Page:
Jianguo "Jack" Liu
I grew up surrounded by science and the natural world since the day I was born. Both of my parents (a biology teacher and a wildlife biologist) raised me to always be curious to appreciate nature. By the time I reached middle school, I could identify most animal and plant species. This propensity for studying nature continued to my college years. I graduated from Penn State University in the spring of 2016. While I was there, I worked on an independent field experiment studying the multiple aspects that effect species establishment using an invasive plant as a study species.
During the three years I worked on this project, I learned how complex interactions, despite their initial obscurity, can have profound and tangible effects and that understanding these types of systems is, in fact, worthwhile. In graduate school, I wanted to scale up my investigations of the natural world. I study the global soy trade using the telecoupling framework between the United States, Brazil, and China.
My research in particular focuses on the environmental effects in the importing country, China. The first goal of my research is to quantify the environmental benefits that China may or may not be receiving via this trade network. The second goal is to investigate the effect global trade is having on the biodiversity by recording bird diversity there to uncover hidden consequences the soy trade could be having on the ecosystem in regions of NE China.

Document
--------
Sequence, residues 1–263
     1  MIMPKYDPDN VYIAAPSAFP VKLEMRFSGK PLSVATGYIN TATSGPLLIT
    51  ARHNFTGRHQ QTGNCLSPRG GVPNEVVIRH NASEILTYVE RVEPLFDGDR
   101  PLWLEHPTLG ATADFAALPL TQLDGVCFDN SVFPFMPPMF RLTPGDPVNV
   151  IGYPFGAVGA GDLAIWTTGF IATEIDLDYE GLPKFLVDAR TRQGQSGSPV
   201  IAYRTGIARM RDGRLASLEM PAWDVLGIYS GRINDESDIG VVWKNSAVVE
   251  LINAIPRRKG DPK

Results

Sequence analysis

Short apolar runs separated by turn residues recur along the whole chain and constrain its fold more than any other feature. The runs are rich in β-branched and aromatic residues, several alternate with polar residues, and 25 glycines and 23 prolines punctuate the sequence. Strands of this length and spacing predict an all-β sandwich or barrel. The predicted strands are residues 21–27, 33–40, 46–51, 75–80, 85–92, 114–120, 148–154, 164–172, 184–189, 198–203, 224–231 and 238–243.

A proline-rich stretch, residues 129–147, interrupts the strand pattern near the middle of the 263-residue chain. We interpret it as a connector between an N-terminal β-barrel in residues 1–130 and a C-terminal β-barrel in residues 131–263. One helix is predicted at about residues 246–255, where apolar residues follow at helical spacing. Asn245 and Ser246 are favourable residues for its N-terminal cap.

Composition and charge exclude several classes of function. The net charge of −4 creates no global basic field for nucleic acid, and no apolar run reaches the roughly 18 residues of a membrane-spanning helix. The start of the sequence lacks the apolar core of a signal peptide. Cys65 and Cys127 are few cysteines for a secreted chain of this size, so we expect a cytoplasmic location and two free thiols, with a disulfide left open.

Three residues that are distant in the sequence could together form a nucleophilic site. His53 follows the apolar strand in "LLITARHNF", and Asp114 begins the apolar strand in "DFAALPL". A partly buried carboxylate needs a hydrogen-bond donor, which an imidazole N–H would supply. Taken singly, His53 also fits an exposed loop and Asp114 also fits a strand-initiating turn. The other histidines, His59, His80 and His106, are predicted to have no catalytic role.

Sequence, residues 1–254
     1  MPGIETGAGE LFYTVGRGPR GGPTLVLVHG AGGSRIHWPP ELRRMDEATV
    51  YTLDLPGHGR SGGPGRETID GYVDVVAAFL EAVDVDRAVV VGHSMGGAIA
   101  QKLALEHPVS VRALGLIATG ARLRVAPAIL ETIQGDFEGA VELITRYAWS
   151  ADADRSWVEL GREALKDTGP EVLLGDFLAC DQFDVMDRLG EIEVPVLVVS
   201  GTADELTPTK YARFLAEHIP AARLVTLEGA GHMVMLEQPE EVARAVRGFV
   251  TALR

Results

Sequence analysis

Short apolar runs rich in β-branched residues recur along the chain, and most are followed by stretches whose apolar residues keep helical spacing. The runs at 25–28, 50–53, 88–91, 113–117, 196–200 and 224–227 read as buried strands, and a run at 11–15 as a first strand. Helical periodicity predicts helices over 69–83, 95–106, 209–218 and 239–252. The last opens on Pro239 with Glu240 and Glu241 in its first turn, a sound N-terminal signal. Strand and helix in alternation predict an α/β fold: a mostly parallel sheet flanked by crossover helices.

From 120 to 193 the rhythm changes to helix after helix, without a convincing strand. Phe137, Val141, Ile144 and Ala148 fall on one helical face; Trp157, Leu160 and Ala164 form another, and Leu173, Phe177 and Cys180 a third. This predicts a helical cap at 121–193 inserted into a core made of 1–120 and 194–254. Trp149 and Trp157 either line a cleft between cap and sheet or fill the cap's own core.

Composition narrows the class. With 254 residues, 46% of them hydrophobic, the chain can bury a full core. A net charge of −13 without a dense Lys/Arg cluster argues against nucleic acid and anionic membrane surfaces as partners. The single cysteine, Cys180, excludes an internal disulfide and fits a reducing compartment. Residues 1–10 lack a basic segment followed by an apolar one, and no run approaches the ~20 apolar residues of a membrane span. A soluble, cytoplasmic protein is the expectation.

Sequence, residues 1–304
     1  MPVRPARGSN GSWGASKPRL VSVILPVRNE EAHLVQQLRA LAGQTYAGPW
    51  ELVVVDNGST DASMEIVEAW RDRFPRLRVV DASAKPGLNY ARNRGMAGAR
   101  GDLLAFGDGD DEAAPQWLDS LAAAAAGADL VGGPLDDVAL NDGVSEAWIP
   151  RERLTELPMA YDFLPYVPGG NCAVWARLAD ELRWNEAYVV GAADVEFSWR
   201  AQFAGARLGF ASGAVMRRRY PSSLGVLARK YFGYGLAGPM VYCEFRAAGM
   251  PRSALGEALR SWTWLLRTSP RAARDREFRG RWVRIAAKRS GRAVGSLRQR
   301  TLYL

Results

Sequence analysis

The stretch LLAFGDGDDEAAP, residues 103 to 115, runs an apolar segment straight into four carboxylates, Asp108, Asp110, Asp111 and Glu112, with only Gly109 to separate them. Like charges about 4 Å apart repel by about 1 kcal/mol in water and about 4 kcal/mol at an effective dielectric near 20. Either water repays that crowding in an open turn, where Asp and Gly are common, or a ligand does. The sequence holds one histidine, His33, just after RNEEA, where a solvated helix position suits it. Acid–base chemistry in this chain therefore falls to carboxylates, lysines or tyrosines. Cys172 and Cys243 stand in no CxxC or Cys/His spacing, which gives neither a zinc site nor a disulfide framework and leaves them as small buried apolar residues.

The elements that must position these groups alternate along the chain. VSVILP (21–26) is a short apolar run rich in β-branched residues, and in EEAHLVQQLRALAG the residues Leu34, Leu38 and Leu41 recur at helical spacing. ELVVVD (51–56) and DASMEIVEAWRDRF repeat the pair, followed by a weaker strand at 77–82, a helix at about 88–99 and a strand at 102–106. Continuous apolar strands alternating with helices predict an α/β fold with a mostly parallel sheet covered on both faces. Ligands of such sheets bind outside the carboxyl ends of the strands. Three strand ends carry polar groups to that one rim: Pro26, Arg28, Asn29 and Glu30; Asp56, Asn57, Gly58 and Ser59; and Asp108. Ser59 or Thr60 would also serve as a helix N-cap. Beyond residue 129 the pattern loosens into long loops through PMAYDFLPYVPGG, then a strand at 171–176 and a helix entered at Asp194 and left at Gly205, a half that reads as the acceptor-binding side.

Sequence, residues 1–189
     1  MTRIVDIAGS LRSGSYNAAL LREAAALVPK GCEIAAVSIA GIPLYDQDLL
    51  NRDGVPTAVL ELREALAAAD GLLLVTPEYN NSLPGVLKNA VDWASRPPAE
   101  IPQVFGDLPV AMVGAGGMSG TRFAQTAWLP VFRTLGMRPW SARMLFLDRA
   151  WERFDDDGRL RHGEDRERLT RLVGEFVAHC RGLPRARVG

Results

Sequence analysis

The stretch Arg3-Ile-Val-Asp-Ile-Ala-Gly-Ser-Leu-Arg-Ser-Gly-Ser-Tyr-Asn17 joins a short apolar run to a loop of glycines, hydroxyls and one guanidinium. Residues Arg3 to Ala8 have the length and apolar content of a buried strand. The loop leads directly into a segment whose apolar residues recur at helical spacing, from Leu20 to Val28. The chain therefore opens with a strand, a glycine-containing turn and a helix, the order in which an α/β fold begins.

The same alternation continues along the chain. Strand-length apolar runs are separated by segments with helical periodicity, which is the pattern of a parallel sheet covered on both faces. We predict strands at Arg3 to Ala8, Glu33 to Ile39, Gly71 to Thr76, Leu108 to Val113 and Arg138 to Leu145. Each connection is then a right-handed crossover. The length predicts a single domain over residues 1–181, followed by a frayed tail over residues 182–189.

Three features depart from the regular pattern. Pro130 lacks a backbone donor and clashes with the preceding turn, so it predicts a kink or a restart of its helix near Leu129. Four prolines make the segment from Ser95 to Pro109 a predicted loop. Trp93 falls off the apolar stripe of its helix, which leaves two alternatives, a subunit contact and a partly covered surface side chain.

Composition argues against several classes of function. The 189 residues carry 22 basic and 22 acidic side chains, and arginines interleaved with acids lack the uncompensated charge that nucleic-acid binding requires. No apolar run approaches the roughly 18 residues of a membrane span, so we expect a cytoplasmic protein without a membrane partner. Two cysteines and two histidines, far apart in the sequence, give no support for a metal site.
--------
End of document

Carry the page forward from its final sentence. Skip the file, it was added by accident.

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JASSS - Land-Use Changes in Distant Places: Implementation of a Telecoupled Agent-Based Model
Published on January 31, 2020
SCIENCE OF THE TOTAL ENVIRONMENT - Interactive National Virtual Water-Energy Nexus Networks
Published on March 29, 2019
SUSTAINABILITY -- Telecoupling Research: The First Five Years
Published on February 21, 2019